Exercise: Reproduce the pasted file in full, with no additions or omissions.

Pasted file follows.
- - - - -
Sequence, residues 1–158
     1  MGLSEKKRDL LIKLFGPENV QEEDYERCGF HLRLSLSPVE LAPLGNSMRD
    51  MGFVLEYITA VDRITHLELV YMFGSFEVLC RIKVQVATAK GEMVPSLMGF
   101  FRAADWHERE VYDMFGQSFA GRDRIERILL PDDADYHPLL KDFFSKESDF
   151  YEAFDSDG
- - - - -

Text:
Sequence, residues 1–158
     1  MGLSEKKRDL LIKLFGPENV QEEDYERCGF HLRLSLSPVE LAPLGNSMRD
    51  MGFVLEYITA VDRITHLELV YMFGSFEVLC RIKVQVATAK GEMVPSLMGF
   101  FRAADWHERE VYDMFGQSFA GRDRIERILL PDDADYHPLL KDFFSKESDF
   151  YEAFDSDG